One of the most prominent private companies set on mining the seafloor is Canadian firm The Metals Company, which prior to a merger was called DeepGreen. It is one of three private firms, along with a number of state-owned companies, that the ISA had issued exploratory contracts to by 2020, the Deep Sea Conservation Coalition (DSCC) has explained.
Mining could do untold damage
The DSCC has also called for a moratorium on deep-sea mining. Over 700 marine science and policy experts from multiple countries have done so too. In a statement, those experts warned that the lack of scientific understanding of deep-sea ecosystems and species means that:
the potential risks of deep-sea mining to deep-ocean biodiversity, ecosystems and functioning, as well as human well-being, cannot be fully understood.
The new paper by scientists from the University of Exeter and Greenpeace Research Laboratories offers a similar warning. It says that urgent research is necessary to assess the threats from such mining.
In particular, the paper focuses on the impact of deep-sea mining on marine mammals, such as whales, dolphins, and porpoises. This is an understudied area, as most impact assessments so far have focused on species who live on the seabed.
The paper focuses on the target sites for mining and how these overlap with the habitat of cetaceans, with particular attention on the Pacific Ocean.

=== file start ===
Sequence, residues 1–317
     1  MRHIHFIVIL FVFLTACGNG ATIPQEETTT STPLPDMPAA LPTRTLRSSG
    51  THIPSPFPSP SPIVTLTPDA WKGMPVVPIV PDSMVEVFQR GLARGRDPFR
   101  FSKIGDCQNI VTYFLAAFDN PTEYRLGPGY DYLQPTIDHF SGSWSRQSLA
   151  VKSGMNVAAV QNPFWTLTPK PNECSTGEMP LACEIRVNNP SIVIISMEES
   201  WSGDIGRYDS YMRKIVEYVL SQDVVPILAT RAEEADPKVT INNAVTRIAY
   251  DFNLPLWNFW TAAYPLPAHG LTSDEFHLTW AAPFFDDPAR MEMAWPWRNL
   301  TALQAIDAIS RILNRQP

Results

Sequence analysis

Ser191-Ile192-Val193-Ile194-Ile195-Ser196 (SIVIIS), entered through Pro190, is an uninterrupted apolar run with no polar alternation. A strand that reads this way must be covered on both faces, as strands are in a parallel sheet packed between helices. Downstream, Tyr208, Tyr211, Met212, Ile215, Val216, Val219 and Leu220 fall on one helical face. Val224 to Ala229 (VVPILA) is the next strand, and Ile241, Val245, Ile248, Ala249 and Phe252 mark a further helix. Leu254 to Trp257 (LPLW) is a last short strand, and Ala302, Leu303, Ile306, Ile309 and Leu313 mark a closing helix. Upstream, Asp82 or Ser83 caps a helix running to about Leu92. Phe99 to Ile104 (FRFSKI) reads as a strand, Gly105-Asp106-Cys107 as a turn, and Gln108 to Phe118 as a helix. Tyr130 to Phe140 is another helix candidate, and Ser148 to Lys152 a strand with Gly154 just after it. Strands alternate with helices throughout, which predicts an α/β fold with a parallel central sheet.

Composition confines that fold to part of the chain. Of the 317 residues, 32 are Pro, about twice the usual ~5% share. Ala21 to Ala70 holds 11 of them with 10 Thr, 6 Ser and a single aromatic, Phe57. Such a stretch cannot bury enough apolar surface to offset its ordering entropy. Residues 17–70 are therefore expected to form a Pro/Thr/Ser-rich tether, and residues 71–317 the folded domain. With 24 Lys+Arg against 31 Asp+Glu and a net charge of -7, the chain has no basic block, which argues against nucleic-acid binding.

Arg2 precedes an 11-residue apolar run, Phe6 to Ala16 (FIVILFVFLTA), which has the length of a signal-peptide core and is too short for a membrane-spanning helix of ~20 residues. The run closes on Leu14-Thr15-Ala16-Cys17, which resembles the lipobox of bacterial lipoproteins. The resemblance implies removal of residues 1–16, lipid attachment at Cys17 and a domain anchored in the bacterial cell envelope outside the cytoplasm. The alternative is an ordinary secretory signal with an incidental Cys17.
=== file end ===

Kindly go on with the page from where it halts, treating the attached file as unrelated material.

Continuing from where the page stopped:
It spotlights the impact of noise and disturbance from mining for the mammals. The production and detection of sound is critical for their navigation and communication, the paper notes. The noise from mining could have major impacts in this regard, such as masking calls between mothers and calves and risking their separation. It could also disrupt their feeding and cause behaviour change. Dr Kirsten Thompson, of the University of Exeter, explained:
Imagine if your neighbourhood was suddenly disrupted by construction work that goes on 24/7, your life would change dramatically. Your mental health would be compromised, you might change your behaviour to escape from it. It’s no different for whales or dolphins
The journal Frontiers in Marine Science published the paper.
Window to secure moratorium is closing fast
Despite the risks and lack of understanding about the scope of the dangers, the window to secure consensus on an international moratorium on deep-sea mining is closing fast. Greenpeace International campaigner Louisa Casson said:
Deep sea mining companies are determined to start plundering the oceans, despite little research about the impacts this industry would have on whales, dolphins and other species. Deep sea mining could damage the oceans in ways we do not fully understand – and at the expense of species like blue whales that have been a focus of conservation efforts for many years. Governments cannot uphold their commitments to protect the oceans if they allow deep sea mining to start
The ISA will meet in March and July in Jamaica for more negotiations on deep-sea mining. For the many concerned about the danger such commercial exploitation of the ocean poses – including experts, organisations, nations and members of the public – a decision by the ISA to establish an international moratorium would be very welcome indeed.